Global Context and Local Policies
Chapter 8: South Korea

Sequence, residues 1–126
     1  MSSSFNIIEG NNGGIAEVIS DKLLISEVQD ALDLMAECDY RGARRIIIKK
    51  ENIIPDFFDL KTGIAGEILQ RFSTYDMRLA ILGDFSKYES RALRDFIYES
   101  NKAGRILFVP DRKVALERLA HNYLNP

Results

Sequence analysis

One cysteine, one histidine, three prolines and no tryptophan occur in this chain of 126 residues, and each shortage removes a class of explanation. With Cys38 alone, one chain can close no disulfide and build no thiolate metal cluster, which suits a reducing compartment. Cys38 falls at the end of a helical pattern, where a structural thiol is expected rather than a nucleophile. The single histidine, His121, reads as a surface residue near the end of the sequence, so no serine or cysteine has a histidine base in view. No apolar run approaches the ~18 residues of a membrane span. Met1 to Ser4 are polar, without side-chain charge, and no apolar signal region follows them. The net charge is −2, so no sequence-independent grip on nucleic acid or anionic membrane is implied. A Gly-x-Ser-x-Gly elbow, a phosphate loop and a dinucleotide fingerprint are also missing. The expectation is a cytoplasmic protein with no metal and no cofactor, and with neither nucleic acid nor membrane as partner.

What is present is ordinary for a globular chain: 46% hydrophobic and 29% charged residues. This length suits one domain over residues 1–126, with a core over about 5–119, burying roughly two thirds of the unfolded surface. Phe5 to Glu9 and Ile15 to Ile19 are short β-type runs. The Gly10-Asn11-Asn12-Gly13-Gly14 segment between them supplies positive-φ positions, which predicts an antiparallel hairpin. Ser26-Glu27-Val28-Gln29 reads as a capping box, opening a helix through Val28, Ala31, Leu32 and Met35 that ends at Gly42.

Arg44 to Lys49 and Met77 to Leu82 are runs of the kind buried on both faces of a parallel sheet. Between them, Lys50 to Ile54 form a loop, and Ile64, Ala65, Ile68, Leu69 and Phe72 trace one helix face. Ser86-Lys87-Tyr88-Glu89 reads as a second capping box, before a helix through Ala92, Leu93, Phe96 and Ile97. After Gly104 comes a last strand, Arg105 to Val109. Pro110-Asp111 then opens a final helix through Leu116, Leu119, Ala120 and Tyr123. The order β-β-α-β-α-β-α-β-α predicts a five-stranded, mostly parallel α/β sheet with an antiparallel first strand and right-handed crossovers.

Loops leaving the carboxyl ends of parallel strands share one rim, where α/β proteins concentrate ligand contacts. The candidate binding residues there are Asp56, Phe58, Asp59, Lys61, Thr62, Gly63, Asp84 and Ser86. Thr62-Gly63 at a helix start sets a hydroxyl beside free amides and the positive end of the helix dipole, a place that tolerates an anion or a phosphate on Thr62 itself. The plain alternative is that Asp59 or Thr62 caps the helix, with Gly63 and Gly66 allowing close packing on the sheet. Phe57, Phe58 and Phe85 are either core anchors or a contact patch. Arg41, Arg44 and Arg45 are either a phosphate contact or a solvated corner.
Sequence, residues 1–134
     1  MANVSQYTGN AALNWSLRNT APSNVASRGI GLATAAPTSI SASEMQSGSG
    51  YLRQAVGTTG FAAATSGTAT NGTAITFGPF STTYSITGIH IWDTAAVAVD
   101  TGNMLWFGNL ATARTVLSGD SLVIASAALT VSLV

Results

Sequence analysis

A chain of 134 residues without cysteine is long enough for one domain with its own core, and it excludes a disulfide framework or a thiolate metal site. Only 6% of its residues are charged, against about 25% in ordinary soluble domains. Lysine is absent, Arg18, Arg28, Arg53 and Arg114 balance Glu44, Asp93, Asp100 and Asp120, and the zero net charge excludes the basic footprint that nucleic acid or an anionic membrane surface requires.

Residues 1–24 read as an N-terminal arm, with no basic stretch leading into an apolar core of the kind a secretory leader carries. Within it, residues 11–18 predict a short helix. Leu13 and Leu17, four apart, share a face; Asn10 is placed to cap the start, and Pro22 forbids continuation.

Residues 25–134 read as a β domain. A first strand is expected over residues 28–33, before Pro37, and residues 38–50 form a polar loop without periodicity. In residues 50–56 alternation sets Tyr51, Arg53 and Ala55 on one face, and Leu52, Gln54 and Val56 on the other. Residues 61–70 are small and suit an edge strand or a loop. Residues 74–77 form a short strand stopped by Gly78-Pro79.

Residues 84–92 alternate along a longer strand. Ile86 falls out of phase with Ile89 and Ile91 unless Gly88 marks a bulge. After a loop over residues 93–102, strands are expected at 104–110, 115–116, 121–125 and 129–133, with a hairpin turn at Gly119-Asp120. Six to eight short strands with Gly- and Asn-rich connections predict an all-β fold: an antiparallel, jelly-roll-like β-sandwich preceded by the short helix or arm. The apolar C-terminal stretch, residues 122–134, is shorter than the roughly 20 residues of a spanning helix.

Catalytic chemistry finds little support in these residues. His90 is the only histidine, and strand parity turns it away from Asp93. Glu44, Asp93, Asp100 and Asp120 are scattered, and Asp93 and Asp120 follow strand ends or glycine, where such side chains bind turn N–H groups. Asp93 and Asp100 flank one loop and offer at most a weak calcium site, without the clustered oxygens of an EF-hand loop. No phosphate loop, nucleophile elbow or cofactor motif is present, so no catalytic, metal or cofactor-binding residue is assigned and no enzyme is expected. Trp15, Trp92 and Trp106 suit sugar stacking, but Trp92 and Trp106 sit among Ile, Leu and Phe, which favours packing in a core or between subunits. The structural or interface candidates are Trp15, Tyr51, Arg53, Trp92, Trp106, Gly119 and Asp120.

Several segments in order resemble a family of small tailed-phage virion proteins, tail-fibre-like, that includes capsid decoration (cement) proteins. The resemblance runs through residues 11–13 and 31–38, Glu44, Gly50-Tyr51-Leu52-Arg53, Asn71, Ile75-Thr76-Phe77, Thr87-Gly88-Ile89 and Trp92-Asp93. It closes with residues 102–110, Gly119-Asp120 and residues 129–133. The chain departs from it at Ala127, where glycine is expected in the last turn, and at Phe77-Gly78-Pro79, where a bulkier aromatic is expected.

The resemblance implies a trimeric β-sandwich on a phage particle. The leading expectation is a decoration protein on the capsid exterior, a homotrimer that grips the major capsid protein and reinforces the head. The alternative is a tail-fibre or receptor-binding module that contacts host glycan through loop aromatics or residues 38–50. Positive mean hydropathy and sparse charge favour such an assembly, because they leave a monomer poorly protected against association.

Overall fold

Logistics in South Korea is very much a post-Korean War (1950–53) phenomenon. Times were so parlous after the end of the war that company workers used their own vehicles to make deliveries. Between 1960 and 1990 there was a shift in the balance from the local to the global arena stemming from the rapid transformation of an abject economy, which led to the greater use of road transport at the expense of rail and the emergence of logistics as a key issue. Over this period there was a progressive shift in the economy from having an agricultural base to becoming an industrial powerhouse featuring large national manufacturing corporations engaged in iron and steel production and shipbuilding, and exports of textiles, shoes, cars and nascent consumer electronics, notably household appliances and televisions. As a last resort for attaining market competitiveness, the emerging multinational industrial corporations sought cost reductions from efficient logistics and customer service improvements. During the 1990s the South Korean Government responded to the logistics needs of an increasing number of multinational manufacturing and retailing companies by seeking to provide the necessary infrastructure through investments in ports and freight terminals, as a means of expanding social overhead capital and encouraging a reverse shift from road to rail-based multimodal transport (Rimmer, 1995; KOTI-KSP, 2012). In 1992 the issue of the Seoul Metropolitan Region being 350 km from the country’s major deep-sea port of Busan was addressed.
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